This material must not be used for commercial purposes, or in any hospital or medical facility. Failure to comply may result in legal action.
Well Child Visit At 1 Week
WHAT YOU NEED TO KNOW:
A well child visit is when your child sees a healthcare provider to prevent health problems. It is a different type of visit than when your child sees a healthcare provider because he is sick. Well child visits are used to track your child's growth and development. It is also a time for you to ask questions and to get information on how to keep your child safe. Write down your questions so you remember to ask them. Your child should have regular well child visits from birth to 17 years.
Where to take your child for well child visits:
It is best to find a medical home for your child. A medical home is a doctor's office or clinic where your child sees the same healthcare providers every time. A medical home will also keep your child's health records. The healthcare providers will get to know your child and your family so they can give him the best care. They will also make sure he receives vaccines on the recommended immunization schedule to protect him from diseases.
What happens at a well child visit at 1 week:
Your baby's healthcare provider may do the following:
- Chart your baby's head growth, and check his head shape and fontanelles (soft spots)
- Check your baby's color, vision, hearing, and reflexes
- Chart your baby's weight and length
- Ask how often your baby breastfeeds or drinks formula and ask if he is having any feeding problems
- Ask how often your baby urinates and has bowel movements
- Ask how well your baby sleeps, and review safe ways to lay him on his back to sleep
- Review crib safety, such as not leaving pillows or toys in the crib, and not leaving looped cords or any ties near the crib
- Review home safety and childproofing, and water safety, such as not leaving your child alone in the tub
- Talk to you about how to bathe your baby and care for his skin
- Make sure you are using a rear-facing infant car seat in every car, and that it is installed properly in the back seat
- Talk to you about protecting your baby's skin when he is in the sun to prevent skin cancer
- Ask how long your baby cries, and help you find safe ways to comfort him
- Remind you never to shake a baby if he will not stop crying
Development your baby may have at 1 week:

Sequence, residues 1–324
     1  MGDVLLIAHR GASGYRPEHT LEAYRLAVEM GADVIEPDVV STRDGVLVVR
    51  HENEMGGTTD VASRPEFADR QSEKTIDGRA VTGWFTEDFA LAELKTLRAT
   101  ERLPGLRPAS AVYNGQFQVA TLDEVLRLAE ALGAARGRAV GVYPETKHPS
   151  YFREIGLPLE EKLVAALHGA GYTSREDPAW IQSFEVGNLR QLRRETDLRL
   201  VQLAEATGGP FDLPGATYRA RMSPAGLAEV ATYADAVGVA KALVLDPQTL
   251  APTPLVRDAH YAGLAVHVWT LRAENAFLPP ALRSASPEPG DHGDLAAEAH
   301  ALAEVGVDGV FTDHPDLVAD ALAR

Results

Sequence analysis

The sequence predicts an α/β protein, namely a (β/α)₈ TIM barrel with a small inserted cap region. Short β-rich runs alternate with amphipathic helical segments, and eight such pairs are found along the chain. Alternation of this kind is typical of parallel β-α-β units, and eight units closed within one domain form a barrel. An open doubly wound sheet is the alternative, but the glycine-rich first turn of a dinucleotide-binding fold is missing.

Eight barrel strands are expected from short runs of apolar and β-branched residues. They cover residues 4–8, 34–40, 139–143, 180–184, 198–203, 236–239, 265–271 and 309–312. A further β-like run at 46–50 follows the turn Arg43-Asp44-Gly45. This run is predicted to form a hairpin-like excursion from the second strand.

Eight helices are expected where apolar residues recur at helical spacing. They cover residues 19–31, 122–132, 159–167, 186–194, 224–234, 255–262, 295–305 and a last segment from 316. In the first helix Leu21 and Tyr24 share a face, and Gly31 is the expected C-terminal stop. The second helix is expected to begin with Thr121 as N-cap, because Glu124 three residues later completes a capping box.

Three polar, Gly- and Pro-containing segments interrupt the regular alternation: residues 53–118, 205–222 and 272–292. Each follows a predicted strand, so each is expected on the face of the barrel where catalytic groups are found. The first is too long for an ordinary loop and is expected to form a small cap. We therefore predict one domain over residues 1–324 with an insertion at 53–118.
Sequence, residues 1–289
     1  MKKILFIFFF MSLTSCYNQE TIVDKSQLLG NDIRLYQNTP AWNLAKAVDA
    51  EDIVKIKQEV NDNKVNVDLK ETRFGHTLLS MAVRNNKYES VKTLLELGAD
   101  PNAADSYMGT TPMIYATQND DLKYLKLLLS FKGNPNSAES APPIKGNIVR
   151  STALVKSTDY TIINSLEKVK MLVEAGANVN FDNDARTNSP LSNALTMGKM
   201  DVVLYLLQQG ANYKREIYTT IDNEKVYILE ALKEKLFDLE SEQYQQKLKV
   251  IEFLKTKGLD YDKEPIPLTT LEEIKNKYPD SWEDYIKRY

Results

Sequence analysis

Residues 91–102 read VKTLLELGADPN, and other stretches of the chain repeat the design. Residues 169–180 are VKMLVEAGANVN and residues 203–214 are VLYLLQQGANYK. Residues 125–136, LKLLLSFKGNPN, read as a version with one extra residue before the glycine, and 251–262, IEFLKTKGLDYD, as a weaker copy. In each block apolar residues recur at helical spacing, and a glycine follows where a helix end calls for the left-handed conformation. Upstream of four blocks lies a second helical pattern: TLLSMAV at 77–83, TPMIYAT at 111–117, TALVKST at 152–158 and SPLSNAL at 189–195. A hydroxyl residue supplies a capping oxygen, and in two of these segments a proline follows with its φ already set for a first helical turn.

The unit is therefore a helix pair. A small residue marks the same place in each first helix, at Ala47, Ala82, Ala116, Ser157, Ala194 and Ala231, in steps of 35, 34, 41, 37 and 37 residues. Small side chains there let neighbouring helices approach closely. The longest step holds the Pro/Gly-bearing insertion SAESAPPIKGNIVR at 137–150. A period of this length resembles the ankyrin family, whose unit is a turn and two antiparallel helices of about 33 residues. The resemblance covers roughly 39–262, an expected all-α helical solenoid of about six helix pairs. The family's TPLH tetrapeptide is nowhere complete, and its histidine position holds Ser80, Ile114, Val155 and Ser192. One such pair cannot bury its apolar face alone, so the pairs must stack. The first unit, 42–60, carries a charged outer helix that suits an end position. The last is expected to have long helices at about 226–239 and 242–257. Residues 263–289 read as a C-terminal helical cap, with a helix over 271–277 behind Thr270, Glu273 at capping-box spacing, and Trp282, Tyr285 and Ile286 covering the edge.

Each baby develops at his own pace. Your baby may reach the following milestones at 1 week, or he may reach them later:
- Keep his attention on faces or objects held close to his face
- Respond to sounds, such as voices
- Have reflex reactions, such as rooting, grasping a finger in his palm, and straightening his arm when his head is turned
What you need to know about your baby's next well child visit:
Your baby's healthcare provider will tell you when to bring him in again. The next well child visit is usually at 2 weeks. Contact your baby's healthcare provider if you have questions or concerns about his health or care before the next visit.
Changes that may happen before the next well child visit:
- Your baby may start keeping his eyes open for longer periods, and focus on objects or people as they move.
- Your baby may move his arms and legs more. He may start lifting his head for short periods.
- You may also notice changes in the amount of breast milk or formula he drinks, or how often he feeds.
- Your baby's healthcare provider may review the importance of breastfeeding for the first year of your baby's life. Talk to him about any problems with or concerns about breastfeeding. Also talk to him before you give your baby formula. He can help you choose a formula that contains iron. He may recommend that you breastfeed for a certain period of time before you offer your child a bottle or pacifier.
© 2016 Truven Health Analytics Inc. Information is for End User's use only and may not be sold, redistributed or otherwise used for commercial purposes. All illustrations and images included in CareNotes® are the copyrighted property of A.D.A.M., Inc. or Truven Health Analytics.
The above information is an educational aid only. It is not intended as medical advice for individual conditions or treatments. Talk to your doctor, nurse or pharmacist before following any medical regimen to see if it is safe and effective for you.